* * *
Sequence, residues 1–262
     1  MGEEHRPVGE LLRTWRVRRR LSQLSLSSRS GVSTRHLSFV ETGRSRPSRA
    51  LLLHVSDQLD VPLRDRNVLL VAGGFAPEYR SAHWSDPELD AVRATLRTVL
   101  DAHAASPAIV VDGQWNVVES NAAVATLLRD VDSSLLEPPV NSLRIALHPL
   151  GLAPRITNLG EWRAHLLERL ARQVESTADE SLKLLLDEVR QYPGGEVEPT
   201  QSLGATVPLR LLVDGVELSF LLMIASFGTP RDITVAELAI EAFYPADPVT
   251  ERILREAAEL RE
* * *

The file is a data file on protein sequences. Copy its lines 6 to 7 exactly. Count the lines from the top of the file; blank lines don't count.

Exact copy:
   201  QSLGATVPLR LLVDGVELSF LLMIASFGTP RDITVAELAI EAFYPADPVT
   251  ERILREAAEL RE